By 1951, when Jaguar introduced the art-deco teardrop lines of the XK120 Fixed Head Coupe, they already had impacted the motoring world with the XK120 roadster that proved to be the fastest production car in the world. The 120 in the name referred to its top speed of 120 mph.
Clark Gable famously took delivery of the first car off the
Coventry, England, production line.
The FHC actually posted a speed of 131.83 for a full hour on
the speed ring of L’autodrome de Linas-Montlhéry, a race circuit in northern
France, in 1951. The test driver, Leslie Johnson, climbed from the car after
the test and suggested the car was so good, “It could have gone for another
week.” This gave birth to the phrase in automotive circles, “Flat out for a
The Pick of the Day is an early production 1951 Jaguar XK120
FHC advertised by a dealer in Philadelphia on ClassicCars.com. It is
considered one of the most beautifully designed automobiles in history – sex on
Powered by Jaguar’s remarkable 3.5-liter DOHC inline
6-cylinder with aluminum heads and dual SU carburetors making 160 horsepower,
the car was fast – like the marque’s namesake. The roadster had already become
a track weapon of choice for many racers. But the FHC for all its speed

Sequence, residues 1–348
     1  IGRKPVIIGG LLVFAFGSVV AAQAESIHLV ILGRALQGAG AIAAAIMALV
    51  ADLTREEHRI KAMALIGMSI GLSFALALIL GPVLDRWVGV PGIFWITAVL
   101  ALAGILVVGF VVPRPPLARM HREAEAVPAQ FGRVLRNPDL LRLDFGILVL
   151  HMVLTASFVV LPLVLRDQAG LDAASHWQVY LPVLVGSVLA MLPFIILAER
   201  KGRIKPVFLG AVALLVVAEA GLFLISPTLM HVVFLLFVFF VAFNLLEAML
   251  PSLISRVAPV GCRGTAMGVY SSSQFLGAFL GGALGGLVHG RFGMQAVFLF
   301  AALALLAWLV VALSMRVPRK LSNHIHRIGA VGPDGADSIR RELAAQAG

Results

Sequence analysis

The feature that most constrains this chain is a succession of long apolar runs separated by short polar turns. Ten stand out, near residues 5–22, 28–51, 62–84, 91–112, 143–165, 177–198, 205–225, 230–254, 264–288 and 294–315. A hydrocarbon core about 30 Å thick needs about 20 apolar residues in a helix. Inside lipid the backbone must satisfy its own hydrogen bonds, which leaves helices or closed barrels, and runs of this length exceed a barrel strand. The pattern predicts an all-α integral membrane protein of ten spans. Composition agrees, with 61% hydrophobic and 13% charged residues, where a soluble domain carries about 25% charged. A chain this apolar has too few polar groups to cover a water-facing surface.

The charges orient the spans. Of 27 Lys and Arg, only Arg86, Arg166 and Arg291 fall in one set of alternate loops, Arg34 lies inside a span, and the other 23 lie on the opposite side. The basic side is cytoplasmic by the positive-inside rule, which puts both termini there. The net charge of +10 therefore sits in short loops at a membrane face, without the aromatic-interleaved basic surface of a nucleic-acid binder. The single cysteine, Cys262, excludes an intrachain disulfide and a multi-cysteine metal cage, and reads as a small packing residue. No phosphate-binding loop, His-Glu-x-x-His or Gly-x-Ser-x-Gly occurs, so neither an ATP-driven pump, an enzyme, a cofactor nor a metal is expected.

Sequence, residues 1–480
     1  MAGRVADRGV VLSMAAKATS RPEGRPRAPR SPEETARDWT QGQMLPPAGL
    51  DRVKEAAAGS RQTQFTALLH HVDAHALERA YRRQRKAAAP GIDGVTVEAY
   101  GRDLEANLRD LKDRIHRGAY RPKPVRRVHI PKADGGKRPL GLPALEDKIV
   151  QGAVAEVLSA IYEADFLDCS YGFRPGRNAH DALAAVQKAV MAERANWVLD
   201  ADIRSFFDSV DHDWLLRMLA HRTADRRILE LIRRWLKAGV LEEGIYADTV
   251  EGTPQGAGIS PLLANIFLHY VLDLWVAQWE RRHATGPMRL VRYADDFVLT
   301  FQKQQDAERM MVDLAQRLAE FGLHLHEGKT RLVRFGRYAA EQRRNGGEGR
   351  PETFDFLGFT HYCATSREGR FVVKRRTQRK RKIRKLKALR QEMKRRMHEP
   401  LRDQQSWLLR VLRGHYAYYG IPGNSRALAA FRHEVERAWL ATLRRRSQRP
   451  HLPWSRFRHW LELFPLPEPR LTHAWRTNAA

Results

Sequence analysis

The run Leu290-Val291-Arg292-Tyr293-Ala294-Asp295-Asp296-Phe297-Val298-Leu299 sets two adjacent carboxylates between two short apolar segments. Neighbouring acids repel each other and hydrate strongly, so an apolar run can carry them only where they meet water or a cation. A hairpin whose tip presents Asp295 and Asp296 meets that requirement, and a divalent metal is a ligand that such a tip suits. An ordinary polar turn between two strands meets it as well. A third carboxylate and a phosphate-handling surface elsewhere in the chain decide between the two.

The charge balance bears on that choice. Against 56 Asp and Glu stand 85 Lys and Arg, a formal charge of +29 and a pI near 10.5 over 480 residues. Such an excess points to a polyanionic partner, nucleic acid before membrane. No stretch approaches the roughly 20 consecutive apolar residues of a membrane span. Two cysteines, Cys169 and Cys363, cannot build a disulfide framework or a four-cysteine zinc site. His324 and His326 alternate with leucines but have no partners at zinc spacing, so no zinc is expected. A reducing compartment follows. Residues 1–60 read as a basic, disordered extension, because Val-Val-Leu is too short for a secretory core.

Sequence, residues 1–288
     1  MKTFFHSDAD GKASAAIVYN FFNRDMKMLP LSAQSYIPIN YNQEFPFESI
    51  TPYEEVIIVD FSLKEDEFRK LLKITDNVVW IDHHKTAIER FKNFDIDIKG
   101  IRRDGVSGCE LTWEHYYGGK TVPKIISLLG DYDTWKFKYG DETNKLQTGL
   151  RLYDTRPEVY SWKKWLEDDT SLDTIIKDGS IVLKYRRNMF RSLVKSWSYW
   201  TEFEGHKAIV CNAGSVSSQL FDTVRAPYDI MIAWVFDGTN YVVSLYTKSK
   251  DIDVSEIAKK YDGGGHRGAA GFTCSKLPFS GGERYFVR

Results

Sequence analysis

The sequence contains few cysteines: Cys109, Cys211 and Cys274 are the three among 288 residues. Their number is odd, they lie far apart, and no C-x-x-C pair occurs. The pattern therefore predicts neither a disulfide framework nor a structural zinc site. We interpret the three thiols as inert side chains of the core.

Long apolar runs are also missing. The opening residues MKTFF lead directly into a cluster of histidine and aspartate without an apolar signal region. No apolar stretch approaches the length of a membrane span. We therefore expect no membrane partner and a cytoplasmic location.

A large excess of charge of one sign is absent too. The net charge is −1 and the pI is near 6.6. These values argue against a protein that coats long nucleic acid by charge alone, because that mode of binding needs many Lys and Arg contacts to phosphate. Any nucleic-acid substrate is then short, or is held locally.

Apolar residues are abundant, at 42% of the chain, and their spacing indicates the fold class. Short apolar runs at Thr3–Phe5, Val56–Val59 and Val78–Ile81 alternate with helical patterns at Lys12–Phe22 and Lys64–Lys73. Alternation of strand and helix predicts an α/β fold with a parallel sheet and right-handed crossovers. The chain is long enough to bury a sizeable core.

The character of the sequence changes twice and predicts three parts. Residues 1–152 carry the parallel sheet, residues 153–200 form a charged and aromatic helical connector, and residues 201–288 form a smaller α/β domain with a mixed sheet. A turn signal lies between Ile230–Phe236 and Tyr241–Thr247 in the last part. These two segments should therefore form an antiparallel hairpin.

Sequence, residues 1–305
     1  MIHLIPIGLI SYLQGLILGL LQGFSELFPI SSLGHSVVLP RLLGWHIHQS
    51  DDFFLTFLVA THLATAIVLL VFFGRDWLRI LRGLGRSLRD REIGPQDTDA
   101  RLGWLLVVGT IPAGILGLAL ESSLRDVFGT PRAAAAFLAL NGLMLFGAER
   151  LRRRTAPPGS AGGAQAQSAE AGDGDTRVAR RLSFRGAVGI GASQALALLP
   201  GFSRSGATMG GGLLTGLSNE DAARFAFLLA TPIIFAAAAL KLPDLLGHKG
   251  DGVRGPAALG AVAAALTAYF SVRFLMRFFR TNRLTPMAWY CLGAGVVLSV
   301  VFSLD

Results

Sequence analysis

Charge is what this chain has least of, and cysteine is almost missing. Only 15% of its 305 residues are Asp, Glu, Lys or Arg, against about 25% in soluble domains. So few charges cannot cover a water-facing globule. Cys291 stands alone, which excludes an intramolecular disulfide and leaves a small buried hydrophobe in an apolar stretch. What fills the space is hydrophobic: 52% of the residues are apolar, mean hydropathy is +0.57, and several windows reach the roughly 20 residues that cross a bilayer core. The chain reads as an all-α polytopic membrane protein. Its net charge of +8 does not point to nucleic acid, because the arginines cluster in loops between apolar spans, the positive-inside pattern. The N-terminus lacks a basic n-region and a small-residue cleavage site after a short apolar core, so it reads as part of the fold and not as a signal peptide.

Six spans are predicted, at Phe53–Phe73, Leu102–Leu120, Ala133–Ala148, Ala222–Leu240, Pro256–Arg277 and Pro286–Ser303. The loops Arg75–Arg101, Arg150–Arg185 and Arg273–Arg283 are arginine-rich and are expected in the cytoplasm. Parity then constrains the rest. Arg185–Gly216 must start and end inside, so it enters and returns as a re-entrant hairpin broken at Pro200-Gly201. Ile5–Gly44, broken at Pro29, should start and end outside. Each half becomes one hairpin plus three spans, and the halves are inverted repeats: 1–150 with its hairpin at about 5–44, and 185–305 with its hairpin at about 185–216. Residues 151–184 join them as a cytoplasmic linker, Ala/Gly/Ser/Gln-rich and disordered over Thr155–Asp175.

lineage, was comfortable and luxurious inside.
“The example on offer
is just that, an early production FHC,” according to the seller. “Chassis #
679117 is the 117th FHC produced. According to the JDHT Certificate on file,
this example was produced on October 11th, 1951. Destined for its original
selling dealer, George Motor Co of Honolulu, Hawaii via Jaguar distributor
Hornburg of Los Angeles, Ca.
“While exact early history is not known, we do know that the (owner) acquired the car in the late 1980’s. By 1992, it was sent to noted restorer Steve Helms of Classic Motorcars in Reading, Pa. The restoration entailed a total strip to an absolute bare shell. Metal work was completed as needed and component restoration was carried out as detailed in the accompanying restoration photos and receipts. The restoration was put on hold over the years but was finally complete in 2004/2005.”
The seller mentions that only 30 miles read on the odometer since
the restoration’s completion: “(It was)
never shown and barely driven beyond heat cycles and sorting miles.” The early
production number also means that the handles, knobs, pulls and windshield trim
are all chrome vs. Bakelite plastic found on later models.
The buyer of this lovely black-on-cream car also will receive
restoration records/photos, tools, jack, spare, air pump, JDHT Certificate and the
original data tag. At $95,000, it’s not exactly a steal, but certainly a worthy
specimen that should hold its value for many years to come.
To view this listing on ClassicCars.com, see Pick of